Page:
My tip to those film-makers and TV directors is to look back at great films and TV series of the past. We want to see the drama, not imagine it. If a room is historically candle-lit, then by all means throw in some candles. But also light the scene, so we know what is happening.

Artistic credibility is one thing, but presenting something impossible to watch is just pointless.

Coming to terms

After living here in Norfolk for quite a while now, I have finally begun to believe it. For so long, it didn’t feel real, as if I was always going to be going back to London, or moving on to somewhere else. It has taken a long time to fully embrace the peace, and the unreal slowness of life here. I used to think that I was deluded when I told myself that I didn’t miss anything about life in the city. Part of me always thought that I would snap out of it one day, and wonder what I thought I was doing here.

I now realise that I have come to terms with this life. I am living life in a way I never previously thought possible, and I am glad about it too. I have written a lot about the weather in many posts, as regular readers will be only too aware. I think that this is because I have come to understand weather in a very real sense. I now like to prepare for it, to be aware what might happen, and to make it part of my life, as opposed to disregarding it. I welcome the darkness, and the way that it closes things down around us. I enjoy that slow pace of life, and adjust my own speed accordingly. This is where I live now, and I won’t be going anywhere else.

I expect that many of you would never consider giving up the comforts and amenities of life in a large town or city. I know that I once thought that I never would. There are trade-offs, it would be foolish to suggest otherwise. Life outside villages has a convenience and simplicity not found here. We have to plan ahead, make sure that the car is reliable, and be aware that we cannot rely on public transport. Going to a theatre, a good restaurant, or an exhibition, is not something that can be done on the spur of the moment. It involves forward planning, and of course, driving. Yet it restores that sense of occasion, so often lacking in cities, where these things are so common, they become almost mundane. They can still be achieved, you just have to think about them.

In return, you get a great deal, once you understand what it is. Sky, darkness, stillness; a sense of safety previously unknown.

I can really recommend it.

27 Minutes in the 18th Century

Tonight in Beetley, even without the need for a time machine, we were cast back into another age. To a time when electricity and gas power were both unknown, when candles were the only illumination, and night meant dark.

I had just finished preparing our evening meal. It was a traditional Sunday repast, of roasted meat and vegetables, in this case, a plump chicken, with all the trimmings. As we prefer to eat in the evenings, it was around 7.25pm when I called Julie to the dining table. We seasoned our meal, and both pronounced how appetising it looked. Ollie was lying quietly in the living room, as he is not allowed around us, when we are eating. No sooner had I plunged fork into potato, and our time travel began. The lights went out.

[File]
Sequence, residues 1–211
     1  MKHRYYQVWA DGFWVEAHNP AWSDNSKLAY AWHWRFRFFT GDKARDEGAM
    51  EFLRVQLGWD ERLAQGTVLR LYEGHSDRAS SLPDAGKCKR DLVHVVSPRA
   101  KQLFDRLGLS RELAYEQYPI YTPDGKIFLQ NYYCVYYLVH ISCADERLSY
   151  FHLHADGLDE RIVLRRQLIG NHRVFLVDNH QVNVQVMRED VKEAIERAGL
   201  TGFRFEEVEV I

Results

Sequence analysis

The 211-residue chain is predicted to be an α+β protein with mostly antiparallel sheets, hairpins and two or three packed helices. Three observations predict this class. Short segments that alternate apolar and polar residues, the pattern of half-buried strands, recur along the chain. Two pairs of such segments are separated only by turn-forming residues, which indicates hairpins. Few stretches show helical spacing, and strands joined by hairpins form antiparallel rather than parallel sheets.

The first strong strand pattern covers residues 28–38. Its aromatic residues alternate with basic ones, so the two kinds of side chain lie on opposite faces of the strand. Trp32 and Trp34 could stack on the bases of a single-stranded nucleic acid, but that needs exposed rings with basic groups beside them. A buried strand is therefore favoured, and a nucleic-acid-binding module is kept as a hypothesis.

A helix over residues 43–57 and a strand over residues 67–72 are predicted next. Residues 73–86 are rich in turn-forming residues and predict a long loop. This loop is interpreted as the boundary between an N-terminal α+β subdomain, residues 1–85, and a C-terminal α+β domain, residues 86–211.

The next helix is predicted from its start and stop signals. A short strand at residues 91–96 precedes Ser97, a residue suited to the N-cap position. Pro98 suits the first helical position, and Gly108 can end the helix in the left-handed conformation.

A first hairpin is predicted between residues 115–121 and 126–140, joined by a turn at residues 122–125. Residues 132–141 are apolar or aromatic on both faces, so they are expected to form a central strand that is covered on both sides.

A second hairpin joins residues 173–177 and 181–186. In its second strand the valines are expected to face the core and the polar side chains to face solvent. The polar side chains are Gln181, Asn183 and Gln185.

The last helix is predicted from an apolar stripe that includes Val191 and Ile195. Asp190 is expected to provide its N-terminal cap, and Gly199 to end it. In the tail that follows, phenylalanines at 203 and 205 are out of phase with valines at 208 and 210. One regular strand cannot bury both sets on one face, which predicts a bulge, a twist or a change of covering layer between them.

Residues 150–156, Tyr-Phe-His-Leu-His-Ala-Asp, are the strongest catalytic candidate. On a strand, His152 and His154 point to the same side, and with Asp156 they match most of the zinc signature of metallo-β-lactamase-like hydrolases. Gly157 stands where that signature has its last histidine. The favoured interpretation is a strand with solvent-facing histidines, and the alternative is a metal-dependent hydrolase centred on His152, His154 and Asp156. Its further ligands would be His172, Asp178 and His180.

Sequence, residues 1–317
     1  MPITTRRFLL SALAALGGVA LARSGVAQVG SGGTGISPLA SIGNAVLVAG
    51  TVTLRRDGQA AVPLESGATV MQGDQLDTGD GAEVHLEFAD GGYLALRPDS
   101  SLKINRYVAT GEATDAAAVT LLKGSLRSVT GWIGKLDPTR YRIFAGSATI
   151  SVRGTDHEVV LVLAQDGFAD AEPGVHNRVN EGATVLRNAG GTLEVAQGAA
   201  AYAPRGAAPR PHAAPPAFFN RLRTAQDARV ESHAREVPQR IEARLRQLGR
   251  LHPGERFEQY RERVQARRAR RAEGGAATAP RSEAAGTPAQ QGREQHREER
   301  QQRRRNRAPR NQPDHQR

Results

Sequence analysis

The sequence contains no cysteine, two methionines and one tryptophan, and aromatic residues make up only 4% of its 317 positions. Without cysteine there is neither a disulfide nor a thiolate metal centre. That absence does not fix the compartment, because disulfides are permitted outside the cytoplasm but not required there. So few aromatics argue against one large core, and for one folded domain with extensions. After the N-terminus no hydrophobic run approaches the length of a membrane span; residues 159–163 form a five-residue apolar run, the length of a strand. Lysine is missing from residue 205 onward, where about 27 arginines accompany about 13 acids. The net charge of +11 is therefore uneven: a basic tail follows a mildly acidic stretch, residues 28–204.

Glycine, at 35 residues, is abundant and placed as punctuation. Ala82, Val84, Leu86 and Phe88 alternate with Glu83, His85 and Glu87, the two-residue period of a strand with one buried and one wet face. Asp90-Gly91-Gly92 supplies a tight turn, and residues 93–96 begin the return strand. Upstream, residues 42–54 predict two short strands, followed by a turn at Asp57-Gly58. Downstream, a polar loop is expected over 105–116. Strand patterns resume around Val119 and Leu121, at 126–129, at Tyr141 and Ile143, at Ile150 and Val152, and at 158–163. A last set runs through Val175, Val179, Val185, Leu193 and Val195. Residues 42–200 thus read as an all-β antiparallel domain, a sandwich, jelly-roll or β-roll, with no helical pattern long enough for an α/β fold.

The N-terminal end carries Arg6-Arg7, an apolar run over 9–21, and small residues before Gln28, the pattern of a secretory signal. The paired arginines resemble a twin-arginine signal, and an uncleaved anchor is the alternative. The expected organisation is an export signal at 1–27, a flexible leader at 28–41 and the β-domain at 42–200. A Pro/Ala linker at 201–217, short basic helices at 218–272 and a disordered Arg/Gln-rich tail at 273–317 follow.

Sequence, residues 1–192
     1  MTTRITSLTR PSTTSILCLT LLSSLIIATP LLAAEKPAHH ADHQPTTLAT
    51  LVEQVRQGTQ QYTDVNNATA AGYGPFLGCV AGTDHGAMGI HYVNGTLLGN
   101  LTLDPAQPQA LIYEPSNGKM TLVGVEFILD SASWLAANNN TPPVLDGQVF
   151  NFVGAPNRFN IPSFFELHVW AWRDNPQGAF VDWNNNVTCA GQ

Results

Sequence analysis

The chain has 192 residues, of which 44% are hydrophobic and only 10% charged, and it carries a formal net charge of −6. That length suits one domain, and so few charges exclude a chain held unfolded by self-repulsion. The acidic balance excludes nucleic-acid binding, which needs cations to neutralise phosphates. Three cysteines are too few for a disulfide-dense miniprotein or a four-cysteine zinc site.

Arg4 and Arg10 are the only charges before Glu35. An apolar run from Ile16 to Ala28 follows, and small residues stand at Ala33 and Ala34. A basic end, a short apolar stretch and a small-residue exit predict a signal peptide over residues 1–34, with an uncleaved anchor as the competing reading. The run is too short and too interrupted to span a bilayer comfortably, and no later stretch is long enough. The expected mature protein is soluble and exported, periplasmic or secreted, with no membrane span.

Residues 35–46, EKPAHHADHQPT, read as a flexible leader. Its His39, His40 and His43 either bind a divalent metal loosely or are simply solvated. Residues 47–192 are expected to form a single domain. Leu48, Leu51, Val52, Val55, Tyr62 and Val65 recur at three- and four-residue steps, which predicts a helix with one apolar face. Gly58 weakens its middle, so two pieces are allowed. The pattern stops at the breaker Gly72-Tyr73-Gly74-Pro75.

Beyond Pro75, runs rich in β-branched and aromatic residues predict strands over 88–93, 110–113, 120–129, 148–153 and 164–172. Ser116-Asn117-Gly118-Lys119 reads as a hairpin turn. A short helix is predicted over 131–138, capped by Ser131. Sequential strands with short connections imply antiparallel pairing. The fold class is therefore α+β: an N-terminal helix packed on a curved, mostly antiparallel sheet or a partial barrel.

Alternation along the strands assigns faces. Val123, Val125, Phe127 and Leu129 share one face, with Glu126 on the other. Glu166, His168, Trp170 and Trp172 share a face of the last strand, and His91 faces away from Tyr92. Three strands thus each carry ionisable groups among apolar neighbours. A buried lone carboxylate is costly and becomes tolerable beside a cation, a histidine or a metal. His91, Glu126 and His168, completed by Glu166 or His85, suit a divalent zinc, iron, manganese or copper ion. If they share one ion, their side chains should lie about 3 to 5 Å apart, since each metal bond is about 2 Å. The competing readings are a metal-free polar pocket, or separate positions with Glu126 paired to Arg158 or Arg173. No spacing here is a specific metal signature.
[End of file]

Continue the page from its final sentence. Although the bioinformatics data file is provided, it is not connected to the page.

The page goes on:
A quick check outside confirmed that it was not just us. The whole of the street was in darkness. As there are no street lights anyway, that means proper darkness. Luckily, it wasn’t too long past sunset, so not inky dark, but it was certainly night-time, and too dark to see our meal, which was fast growing cold. Julie quickly found some large scented candles, bought for completely different occasions, and not intended for power cuts. They did the job though, and illuminated our table, just enough for us to be able to tell parsnip from carrot. It struck me then, that all meals were once taken in this half-light, which when you are trying to eat a long-awaited feast, is far from romantic in feel.

As we struggled with our dinner, we wondered how long it might continue. No TV later, no hard drive recorder, and no Internet. Even the walk-about phones will not work, as they are dependent on power. With appalling signal and service on our mobiles, chatting on the phone was ruled out also. With no gas, a hot drink was not possible, and it was lucky that we had both had baths, as hot water would not be available, with no electric pump in operation. The washing up would have to be left until Monday, and any clothes we wanted to wear, would have to be put on without the benefit of ironing. We would have to retire to the sofa, and read a book. It would have to be a real one, as the electronic ones would soon lose charge, though it could be a magazine, or sales catalogue perhaps. I doubted that there would be enough light to write letters by, and wondered how the great writers of the 1700’s managed, with flickering candles of spitting tallow. I also realised that my failing eyesight, requiring spectacles for reading, was undoubtedly unable to cope with candle illumination. Perhaps I would just spend the rest of the evening thinking. Even the tradition of a family singing around the piano was not possible, as we have no piano, and neither of us can play one if we did. OK, we had the advantages of running water, and a flush toilet, but it still felt very primitive in the gloom.

I speculated further about life in the evenings of darkness. They must have used an enormous amount of candles, in order to live even a half-decent existence. But they probably went to bed a lot earlier as well, to cut down on boredom, or sleep off the tiredness of a day labouring in factory or field. Unlike us, they could not have decided to drive somewhere away from this localised power cut, in order to avail ourselves of light, and entertainment, should the need arise. Their life was always like this, ruled by the elements that we have since conquered. At least until tonight.

Twenty-seven minutes later, as I had almost finished eating, the lights came back on. Timers were flashing, electric clocks showing the wrong time, and Ollie walked into the dining room, confused at the comings and goings of darkness and light. We snuffed out the candles, seamlessly returning to the 21st century, without another thought. Moving through to the living room, we sat in front of the TV that had just come back on, and decided what to watch. I said that I would put the kettle on, during the adverts.

How lucky we are, and how seldom we realise it.